No. 791 Pittsburgh, 1980, Appeal from the Order of the Court of Common Pleas, Clearfield County, Civil Division, at No. 77-515 CD.
William H. Bishop, Philadelphia, for appellants.
Jonathan Walters, Philadelphia, for appellees.
Cercone, President Judge, and Montgomery and Van der Voort, JJ.
[ 292 Pa. Super. Page 240]
We consider today an order denying appellants' motion for summary judgment, but granting appellees' like motion, in a libel action instituted by appellants for allegedly defamatory statements contained in two strike bulletins published and circulated by appellees in connection with a labor dispute. We now affirm.
Appellants operate the Clear Haven Nursing Home in Clearfield. The facility was originally run by the County of Clearfield but the County relinquished its responsibility for it to appellants. Appellees are various affiliated labor organizations which represent the non-professional staff at the nursing home in collective bargaining. When the collective bargaining agreement which covers the non-professional employees at the nursing home expired on December 31, 1976 a labor dispute arose and the workers went out on strike. Picket lines were set up outside the nursing and on January 11, 1977 the Clearfield County court issued an ex parte temporary restraining order prohibiting mass picketing and ordering the striking employees back to work. The next day a consent order issued which dissolved the back-to-work order but limited the number of permissible pickets. A new collective bargaining agreement was eventually reached in April of 1977, but not before the publication of the two allegedly defamatory strike bulletins. Appellants filed the instant action seeking damages for the alleged libel. Appellees counterclaimed seeking damages for malicious abuse of process, alleging as the basis for the claim the ex parte temporary restraining order issued January 11. Both sides eventually moved for summary judgment on the original action as well as the counterclaim. In addition A.F.S.C.M.E. International and A.F.S.C.M.E. Council 13 moved for summary judgment claiming they could not be held responsible
[ 292 Pa. Super. Page 241]
for the local union's actions.*fn1 The court ruled in favor of the unions on the libel action and in favor of the employer-appellant on the malicious abuse of process counterclaim. From the order granting appellees' motion for summary judgment on the original claim the employer-appellants bring this appeal.*fn2
We are presented today with no ordinary libel case. The fact that the alleged libel arose in connection with a labor dispute gives rise to considerations of federal law not normally to be found in such actions. In New York Times v. Sullivan, 376 U.S. 254, 84 S.Ct. 710, 11 L.Ed.2d 686 (1964) the United States Supreme Court held that in order for a public official to recover damages for libel the official must prove that the defendant published the defamatory statement with reckless disregard of, or knowledge of its falsity. See also Fox v. Kahn, 421 Pa. 563, 221 A.2d 181 (1966). In Linn v. United Plant Guard Workers of America, 383 U.S. 53, 86 S.Ct. 657, 15 L.Ed.2d 582 (1966), the Court adopted the New York Times "actual malice" standard for use in defamation cases arising out of labor disputes noting, however, that the use of that standard was not constitutionally compelled. Linn held that the National Labor-Management Relations Act (NLRA), as amended, 61 Stat. 136, 29 U.S.C. § 141 et seq., pre-empted the power of the state courts to award state remedies in labor dispute defamation cases unless the plaintiff pleads and proves both "actual malice" and damages, even if the alleged defamatory language would be actionable per se under state tort law. Cf. Old Dominion Branch No. 946, Nat'l Ass'n of Letter Carriers v. Austin, 418 U.S. 264, 94 S.Ct. 2770, 41 L.Ed.2d 745 (1974); San Diego Building Trades Council v. Garmon, 359 U.S. 236, 79 S.Ct.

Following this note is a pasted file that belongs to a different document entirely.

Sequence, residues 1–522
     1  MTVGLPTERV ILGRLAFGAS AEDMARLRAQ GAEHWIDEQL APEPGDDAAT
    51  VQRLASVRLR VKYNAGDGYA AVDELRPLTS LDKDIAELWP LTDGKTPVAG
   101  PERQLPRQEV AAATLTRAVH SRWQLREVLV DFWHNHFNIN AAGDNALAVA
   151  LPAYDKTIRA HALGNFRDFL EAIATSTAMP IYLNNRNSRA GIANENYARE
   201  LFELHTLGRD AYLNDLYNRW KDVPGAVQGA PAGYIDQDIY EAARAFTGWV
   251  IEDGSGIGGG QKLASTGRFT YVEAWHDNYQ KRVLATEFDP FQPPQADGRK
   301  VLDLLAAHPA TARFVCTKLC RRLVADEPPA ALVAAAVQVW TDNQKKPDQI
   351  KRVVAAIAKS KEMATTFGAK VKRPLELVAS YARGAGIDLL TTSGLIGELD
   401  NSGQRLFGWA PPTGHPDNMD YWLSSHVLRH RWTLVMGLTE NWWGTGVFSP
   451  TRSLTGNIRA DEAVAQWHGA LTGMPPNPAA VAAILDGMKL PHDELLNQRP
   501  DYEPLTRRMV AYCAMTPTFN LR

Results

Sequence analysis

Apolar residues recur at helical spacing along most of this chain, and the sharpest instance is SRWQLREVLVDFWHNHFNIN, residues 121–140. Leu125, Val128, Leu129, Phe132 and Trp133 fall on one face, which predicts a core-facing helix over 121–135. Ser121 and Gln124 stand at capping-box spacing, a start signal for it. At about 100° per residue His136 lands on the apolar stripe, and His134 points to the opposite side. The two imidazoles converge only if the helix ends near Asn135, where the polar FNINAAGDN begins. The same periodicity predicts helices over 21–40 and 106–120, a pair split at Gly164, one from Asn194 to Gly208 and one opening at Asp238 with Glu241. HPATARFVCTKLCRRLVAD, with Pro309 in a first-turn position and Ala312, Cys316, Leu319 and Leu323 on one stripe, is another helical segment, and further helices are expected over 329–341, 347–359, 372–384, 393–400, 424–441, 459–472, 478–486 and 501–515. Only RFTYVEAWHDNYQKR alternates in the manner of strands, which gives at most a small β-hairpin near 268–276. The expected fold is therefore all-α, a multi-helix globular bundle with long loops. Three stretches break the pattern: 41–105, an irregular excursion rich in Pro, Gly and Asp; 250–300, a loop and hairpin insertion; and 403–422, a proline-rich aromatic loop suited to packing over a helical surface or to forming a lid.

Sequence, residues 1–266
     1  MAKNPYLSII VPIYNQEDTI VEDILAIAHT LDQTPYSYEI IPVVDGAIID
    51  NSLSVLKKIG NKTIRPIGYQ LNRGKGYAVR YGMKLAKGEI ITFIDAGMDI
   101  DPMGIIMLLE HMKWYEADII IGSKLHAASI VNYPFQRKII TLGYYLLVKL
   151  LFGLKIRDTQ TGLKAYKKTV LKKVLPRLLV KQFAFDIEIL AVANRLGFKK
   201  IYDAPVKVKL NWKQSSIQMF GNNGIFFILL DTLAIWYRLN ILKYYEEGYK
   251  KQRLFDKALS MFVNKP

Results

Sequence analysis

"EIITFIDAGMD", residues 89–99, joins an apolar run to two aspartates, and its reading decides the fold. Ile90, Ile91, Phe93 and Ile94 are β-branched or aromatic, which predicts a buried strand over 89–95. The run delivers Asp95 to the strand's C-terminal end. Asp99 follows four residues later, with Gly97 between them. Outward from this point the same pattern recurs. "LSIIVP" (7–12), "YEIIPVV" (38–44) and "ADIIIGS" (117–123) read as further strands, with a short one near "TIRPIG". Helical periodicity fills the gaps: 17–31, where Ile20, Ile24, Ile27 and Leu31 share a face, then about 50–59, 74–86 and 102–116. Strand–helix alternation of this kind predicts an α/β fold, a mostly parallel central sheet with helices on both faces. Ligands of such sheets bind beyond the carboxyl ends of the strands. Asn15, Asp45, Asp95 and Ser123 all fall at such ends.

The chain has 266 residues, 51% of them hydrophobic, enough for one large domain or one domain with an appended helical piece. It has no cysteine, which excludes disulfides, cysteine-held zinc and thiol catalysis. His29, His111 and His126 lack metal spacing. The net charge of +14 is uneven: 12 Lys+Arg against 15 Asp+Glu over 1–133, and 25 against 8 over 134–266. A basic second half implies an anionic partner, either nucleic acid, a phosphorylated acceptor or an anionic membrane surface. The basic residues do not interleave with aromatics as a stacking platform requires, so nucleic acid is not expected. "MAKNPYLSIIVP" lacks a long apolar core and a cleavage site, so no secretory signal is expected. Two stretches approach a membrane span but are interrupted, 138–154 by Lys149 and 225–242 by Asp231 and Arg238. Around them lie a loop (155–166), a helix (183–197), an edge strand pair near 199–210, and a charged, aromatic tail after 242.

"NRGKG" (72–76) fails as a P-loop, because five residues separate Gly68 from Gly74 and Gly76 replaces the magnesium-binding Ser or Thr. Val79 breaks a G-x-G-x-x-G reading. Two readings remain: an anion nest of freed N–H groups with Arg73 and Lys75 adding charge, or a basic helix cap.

[ 292 Pa. Super. Page 242773]
, 3 L.Ed.2d 775 (1959). We are asked to determine the correctness of the lower court's grant of summary judgment for the defendants-appellees in a case where Linn controls the cause of action.
Ordinarily, summary judgment should only be entered if the pleadings, depositions, answers to interrogatories, and admissions on file, together with the affidavits, if any, show that there exists no genuine issue as to any material fact and that the moving party is entitled to a judgment as a matter of law. See Pa.R.C.P. 1035. And see Davis v. Pennzoil Co., 438 Pa. 194, 264 A.2d 597 (1970); Bollinger v. Palmerton Area Com. Endeavor, Inc., 241 Pa. Superior Ct. 341, 361 A.2d 676 (1976). Furthermore, summary judgment is only proper in cases which are clear and free from doubt as to the existence of a disputed factual question. See Mallesky v. Stevens, 427 Pa. 352, 235 A.2d 154 (1967); Toth v. Philadelphia, 213 Pa. Superior Ct. 282, 247 A.2d 629 (1968). In ruling on a motion for summary judgment the court must accept as true all well-pleaded facts in the non-moving party's pleadings, as well as admissions on file, giving to them the benefit of all reasonable inferences to be drawn therefrom. See Hankin v. Mintz, 276 Pa. Superior Ct. 538, 419 A.2d 588 (1980); Ritmanich v. Jonnel Enterprises, Inc., 219 Pa. Superior Ct. 198, 280 A.2d 570 (1971). The record as a whole should be examined in the light most favorable to the party opposing the motion and all doubts as to the existence of a genuine issue about a material fact must be resolved in that party's favor, that is, against the entry of summary judgment. See Bowman v. Sears, Roebuck & Co., 245 Pa. Superior Ct. 530, 369 A.2d 754 (1976); Husak v. Berkel, Inc., 234 Pa. Superior Ct. 452, 341 A.2d ...